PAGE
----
Prada -6AW 2008 / Beijing Olympic Stadium
The Beijing National Stadium, a.k.a. the Bird’s Nest, was a joint venture by Swiss architects Herzog & de Meuron and artist Ai Weiwei. Though its design was based on traditional Chinese ceramics, it stood as a wholly contemporary emblem of China’s new self-confidence on the global stage.

Prada -7AW 2007 / For the Love of God
Priced at £50 million when it went on display in the summer of 2007 – just before the credit crunch hit – Damien Hirst’s diamond-encrusted skull was both a lavish last hurrah for ’90s Brit Art and a self-conscious parody of vacant art-world excess.

Prada -8SS 2006 / Twitter
With its 140-character limit, Twitter refashioned the SMS into a pithy tool for taste-making and opinion-shaping – as well as a weapon for protest and activism. Today, over 340 million tweets are sent daily, making it an important global public sphere in its own right.

Prada -9AW 2005 / Hurricane Katrina
The third deadliest hurricane in the history of the US tore apart the city of New Orleans, causing hundreds of casualties and billions of dollars’ worth of damage. The near-apocalyptic scenes of an urban civilisation in meltdown revealed vulnerabilities and divisions within the world’s greatest power.

Prada -10AW 2004 / Facebook
Based on the yearbook format of US colleges and high schools, Facebook altered the online landscape. With more than a billion active users, it has since become the dominant form of social media.

Prada -11SS 2003 / Anonymous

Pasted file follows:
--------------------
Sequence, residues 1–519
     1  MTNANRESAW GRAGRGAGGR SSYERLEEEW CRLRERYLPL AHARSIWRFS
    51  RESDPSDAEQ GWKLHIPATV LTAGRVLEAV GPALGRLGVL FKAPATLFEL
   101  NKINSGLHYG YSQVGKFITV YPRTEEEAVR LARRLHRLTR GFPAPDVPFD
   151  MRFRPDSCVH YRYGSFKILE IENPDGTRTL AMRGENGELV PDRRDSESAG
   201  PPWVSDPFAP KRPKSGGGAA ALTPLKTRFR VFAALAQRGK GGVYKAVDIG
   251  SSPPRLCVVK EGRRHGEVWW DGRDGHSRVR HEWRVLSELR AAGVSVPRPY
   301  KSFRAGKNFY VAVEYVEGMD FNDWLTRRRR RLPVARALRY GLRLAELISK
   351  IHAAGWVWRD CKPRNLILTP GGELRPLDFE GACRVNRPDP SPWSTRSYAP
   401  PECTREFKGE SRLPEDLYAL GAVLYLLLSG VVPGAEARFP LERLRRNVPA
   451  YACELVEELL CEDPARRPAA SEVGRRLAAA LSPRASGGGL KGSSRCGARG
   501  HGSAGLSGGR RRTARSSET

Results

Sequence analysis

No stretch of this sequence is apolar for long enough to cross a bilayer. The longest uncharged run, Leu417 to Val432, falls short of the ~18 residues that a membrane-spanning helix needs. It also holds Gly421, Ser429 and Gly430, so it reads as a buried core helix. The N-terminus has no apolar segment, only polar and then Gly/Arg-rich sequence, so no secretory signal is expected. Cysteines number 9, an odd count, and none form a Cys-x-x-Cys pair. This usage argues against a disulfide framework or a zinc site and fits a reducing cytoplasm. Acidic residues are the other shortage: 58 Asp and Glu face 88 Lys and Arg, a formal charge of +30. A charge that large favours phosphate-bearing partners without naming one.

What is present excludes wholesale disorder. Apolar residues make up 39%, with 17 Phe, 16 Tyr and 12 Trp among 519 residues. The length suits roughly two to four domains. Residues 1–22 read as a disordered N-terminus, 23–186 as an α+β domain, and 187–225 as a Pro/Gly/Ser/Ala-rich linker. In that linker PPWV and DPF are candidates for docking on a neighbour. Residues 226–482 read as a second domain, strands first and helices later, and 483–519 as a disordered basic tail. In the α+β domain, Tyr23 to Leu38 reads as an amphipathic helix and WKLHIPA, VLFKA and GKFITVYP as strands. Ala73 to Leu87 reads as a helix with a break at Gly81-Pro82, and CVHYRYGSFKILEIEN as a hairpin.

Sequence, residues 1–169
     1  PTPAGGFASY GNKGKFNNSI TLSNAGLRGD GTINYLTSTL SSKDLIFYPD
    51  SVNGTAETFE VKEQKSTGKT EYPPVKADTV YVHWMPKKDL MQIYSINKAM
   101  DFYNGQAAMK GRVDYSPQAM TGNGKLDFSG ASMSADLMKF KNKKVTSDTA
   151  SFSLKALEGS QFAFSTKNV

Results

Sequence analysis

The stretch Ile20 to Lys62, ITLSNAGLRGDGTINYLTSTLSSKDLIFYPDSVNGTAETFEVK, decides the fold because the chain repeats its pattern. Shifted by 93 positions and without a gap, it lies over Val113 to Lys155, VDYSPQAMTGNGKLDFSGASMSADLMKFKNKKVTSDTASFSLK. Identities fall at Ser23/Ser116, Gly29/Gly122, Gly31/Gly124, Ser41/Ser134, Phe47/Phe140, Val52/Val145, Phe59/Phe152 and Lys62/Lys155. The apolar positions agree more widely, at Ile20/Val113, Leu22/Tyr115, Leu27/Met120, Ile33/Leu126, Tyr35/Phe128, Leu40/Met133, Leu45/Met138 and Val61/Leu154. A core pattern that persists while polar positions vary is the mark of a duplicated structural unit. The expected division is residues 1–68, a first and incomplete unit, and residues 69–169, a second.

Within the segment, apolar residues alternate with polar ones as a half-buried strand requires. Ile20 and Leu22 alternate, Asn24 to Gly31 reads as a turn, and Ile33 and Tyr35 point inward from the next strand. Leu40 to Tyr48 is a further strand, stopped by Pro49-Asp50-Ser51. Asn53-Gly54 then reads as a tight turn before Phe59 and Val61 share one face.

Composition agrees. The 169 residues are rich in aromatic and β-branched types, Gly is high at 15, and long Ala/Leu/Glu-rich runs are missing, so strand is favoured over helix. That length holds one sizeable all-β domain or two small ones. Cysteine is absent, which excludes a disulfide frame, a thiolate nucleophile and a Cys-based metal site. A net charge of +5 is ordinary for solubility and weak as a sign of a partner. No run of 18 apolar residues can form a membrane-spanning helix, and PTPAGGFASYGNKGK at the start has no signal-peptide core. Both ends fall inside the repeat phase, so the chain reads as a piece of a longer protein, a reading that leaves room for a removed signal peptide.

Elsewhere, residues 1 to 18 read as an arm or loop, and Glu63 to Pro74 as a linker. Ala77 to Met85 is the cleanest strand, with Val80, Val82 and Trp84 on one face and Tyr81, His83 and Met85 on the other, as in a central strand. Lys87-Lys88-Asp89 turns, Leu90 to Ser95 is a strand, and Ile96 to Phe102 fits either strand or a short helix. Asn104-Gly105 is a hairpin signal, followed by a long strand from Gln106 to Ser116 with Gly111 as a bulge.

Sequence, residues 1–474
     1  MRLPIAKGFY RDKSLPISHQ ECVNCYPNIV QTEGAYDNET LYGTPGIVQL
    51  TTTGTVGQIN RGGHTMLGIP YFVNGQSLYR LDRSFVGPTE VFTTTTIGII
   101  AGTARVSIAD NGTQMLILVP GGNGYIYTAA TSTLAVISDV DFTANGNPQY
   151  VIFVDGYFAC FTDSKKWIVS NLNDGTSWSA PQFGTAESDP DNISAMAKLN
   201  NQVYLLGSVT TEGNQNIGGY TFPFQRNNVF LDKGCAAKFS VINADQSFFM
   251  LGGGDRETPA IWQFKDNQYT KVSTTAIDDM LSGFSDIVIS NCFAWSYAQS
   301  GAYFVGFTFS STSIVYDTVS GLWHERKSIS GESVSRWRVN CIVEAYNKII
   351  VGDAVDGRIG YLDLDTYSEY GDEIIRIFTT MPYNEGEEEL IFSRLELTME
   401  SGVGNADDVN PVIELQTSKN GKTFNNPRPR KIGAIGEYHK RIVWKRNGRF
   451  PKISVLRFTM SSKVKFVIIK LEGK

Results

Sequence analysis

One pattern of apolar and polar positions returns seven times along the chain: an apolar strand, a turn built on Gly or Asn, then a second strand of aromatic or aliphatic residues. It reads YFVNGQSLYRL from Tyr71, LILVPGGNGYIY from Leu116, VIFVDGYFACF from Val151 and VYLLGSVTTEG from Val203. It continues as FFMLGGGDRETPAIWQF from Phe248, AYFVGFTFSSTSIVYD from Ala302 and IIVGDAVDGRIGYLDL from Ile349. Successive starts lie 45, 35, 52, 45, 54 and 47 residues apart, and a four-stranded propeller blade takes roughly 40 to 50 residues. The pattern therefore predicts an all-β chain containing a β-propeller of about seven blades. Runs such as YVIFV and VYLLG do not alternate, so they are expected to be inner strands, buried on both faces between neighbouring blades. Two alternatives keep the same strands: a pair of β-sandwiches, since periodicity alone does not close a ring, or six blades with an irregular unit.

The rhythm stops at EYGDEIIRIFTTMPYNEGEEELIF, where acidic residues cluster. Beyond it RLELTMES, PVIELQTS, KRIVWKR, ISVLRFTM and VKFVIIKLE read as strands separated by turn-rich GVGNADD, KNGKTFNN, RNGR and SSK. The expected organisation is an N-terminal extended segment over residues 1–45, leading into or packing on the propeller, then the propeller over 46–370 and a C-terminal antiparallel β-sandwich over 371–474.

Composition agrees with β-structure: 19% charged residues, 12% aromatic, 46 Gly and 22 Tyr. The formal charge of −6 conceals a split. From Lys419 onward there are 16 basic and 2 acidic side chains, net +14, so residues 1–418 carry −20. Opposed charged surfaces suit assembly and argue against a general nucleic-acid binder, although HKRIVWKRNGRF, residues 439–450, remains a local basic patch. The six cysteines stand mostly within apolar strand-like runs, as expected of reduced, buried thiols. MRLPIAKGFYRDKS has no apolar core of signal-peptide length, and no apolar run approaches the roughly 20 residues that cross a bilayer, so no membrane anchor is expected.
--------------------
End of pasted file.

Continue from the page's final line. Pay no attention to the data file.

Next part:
Emerging from the depths of the online forum to the front ranks of digital activism, the Anonymous collective’s loose internal structures, vast membership and global reach embody – for good or ill – the new form of democracy in the online age.

Prada -12SS 2002 / The Wire
Just when we thought TV was dead, The Wire redefined it, combining a sharp depiction of Baltimore’s sociopolitical institutions with the complex plots and long story arcs commonly associated with 19th-century fiction. It kick-started the era of the box-set, giving dramatists a new, lavish canvas and achieving global cult status.

Prada -11SS 2001 / 9/11
The terrorist attacks that shook New York and Washington, DC sent instant reverberations round the world, and have defined global politics in the 21st century.

Prada -14SS 2000 / Tate Modern
The former Bankside Power Station was reinvented by Herzog and de Meuron to become London’s essential venue – a cultural landmark that has made contemporary art into a form of mass entertainment, surpassing football in the size of the audience it attracts.

Prada -15SS 1999 / Google
The most visited website in the world, Google quickly achieved the conspicuous success of having its brand-name become a verb. Its omnipresence has made it both indispensable and alarming: its instant recall is at our fingertips even as the world beyond its algorithms disappears from its voracious virtual memory.

Hair: Bianca Tuovi  @ CLM UK
Make-up: Jo Frost @ CLM UK
Model: Lena Hardt @ Viva London
Casting: Ben Grimes
Printing & retouching: Graeme @ Touch Digital